[arch-general] tty0 not available anymore with systemd

Kevin Chadwick ma1l1ists at yahoo.co.uk
Sun Jul 29 15:20:01 EDT 2012

> > One cannot have a console on /dev/tty0, sine it's not a real tty but
> > only a pointer to the currently activated console.  
> Ok, maybe the terminology I've used is wrong. However I'm talking about
> the console, which normally would come up when pressing "Ctrl+Alt+F1".
> Guess it would be tty1 then ;).

Looks like so on linux but you can certainly be excused for picking it
up from somewhere. On OpenBSD you have a /dev/console (I guess like tty0
on linux) and tty0 comes up from ctrl-alt-f1.

You also have OpenBSD 5.0 releases

Linux kernels start with 3.2.1 not 3.2.0

The Human vs computer friendly argument, I guess.


I noticed this the other day but figured I had said and repeated enough
about systemd but as ttys have come up I will mention it.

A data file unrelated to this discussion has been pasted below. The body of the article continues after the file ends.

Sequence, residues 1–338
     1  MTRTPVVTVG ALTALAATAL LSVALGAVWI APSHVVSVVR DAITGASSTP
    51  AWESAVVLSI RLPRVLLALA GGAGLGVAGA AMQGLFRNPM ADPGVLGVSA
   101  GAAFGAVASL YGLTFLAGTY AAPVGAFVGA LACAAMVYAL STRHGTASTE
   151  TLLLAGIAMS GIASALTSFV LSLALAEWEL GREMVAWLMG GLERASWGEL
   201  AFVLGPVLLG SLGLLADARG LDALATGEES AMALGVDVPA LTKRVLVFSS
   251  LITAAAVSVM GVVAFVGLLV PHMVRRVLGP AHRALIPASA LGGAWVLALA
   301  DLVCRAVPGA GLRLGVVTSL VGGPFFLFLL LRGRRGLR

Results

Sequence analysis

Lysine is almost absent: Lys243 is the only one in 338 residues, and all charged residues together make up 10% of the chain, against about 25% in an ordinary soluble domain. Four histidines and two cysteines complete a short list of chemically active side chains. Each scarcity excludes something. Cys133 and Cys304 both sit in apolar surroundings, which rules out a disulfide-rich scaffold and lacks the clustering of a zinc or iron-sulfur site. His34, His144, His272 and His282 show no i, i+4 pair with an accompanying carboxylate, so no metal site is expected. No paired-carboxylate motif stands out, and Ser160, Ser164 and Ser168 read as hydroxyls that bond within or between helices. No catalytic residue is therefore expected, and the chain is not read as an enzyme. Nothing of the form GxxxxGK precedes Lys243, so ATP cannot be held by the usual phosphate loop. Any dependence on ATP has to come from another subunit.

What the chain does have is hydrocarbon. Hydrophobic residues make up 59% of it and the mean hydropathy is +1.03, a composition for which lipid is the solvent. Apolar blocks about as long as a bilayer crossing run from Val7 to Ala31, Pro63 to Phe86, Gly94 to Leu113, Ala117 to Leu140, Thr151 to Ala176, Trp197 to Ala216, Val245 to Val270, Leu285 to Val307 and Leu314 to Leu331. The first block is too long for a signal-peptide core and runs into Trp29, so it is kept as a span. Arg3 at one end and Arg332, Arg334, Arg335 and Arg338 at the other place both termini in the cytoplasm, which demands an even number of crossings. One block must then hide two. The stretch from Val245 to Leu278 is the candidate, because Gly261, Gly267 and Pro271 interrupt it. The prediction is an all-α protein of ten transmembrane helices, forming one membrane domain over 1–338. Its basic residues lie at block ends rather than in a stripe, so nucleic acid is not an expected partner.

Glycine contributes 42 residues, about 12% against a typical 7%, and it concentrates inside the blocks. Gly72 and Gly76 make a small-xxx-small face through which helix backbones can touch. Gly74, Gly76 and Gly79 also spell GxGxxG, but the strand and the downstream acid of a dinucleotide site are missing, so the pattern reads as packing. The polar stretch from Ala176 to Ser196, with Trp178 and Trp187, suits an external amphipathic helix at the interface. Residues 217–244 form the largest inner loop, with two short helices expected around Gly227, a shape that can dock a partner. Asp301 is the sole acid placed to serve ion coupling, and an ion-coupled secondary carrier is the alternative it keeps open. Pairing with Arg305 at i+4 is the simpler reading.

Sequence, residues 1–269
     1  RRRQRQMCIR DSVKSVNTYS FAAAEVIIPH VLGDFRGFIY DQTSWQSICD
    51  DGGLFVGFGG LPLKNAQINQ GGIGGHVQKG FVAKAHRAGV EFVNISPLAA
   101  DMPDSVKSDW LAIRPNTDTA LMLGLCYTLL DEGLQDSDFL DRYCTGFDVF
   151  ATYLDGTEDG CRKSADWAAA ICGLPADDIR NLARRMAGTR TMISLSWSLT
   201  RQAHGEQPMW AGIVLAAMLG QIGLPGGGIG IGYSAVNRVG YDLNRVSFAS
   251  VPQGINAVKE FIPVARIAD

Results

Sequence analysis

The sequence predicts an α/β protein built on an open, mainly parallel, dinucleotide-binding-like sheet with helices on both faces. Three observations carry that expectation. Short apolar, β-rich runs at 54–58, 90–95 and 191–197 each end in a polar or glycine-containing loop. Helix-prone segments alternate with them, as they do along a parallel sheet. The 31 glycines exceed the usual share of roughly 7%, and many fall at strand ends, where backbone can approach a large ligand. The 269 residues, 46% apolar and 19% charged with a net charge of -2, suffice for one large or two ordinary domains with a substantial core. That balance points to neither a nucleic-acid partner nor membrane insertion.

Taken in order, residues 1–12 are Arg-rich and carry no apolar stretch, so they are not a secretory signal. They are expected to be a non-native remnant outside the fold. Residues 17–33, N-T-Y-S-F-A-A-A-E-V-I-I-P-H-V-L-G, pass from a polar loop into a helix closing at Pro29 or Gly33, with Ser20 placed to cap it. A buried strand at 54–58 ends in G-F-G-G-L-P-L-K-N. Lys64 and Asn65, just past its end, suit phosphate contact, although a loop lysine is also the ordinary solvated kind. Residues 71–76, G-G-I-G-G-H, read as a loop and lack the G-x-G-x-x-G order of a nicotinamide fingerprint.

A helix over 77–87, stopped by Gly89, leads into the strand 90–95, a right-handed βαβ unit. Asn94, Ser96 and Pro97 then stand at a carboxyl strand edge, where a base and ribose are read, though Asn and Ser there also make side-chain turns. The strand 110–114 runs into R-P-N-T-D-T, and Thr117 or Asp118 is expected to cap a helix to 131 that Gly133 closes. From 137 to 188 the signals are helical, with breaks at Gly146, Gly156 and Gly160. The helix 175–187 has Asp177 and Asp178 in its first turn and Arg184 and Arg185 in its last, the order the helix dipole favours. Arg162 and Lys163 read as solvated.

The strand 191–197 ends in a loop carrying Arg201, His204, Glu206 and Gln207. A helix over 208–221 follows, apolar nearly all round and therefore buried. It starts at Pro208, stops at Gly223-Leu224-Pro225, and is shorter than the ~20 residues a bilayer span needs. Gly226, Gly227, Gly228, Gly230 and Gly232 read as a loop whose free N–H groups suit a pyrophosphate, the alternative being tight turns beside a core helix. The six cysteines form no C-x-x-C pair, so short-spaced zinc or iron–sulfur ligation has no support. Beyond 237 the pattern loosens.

"Aside from runlevels 0, 1, and 6, every Unix and Unix-like system
treats runlevels a little differently. The common denominator is
the /etc/inittab file, which defines what each runlevel does (if they
do anything at all)."

So it seems systemd has achieved the opposite (maybe
for a good reason, I do not know) on one of it's goals and I would say
the main driving force behind it of unifying init system control in
this case at the very least.


'Write programs that do one thing and do it well. Write programs to work
together. Write programs to handle text streams, because that is a
universal interface'

(Doug McIlroy)

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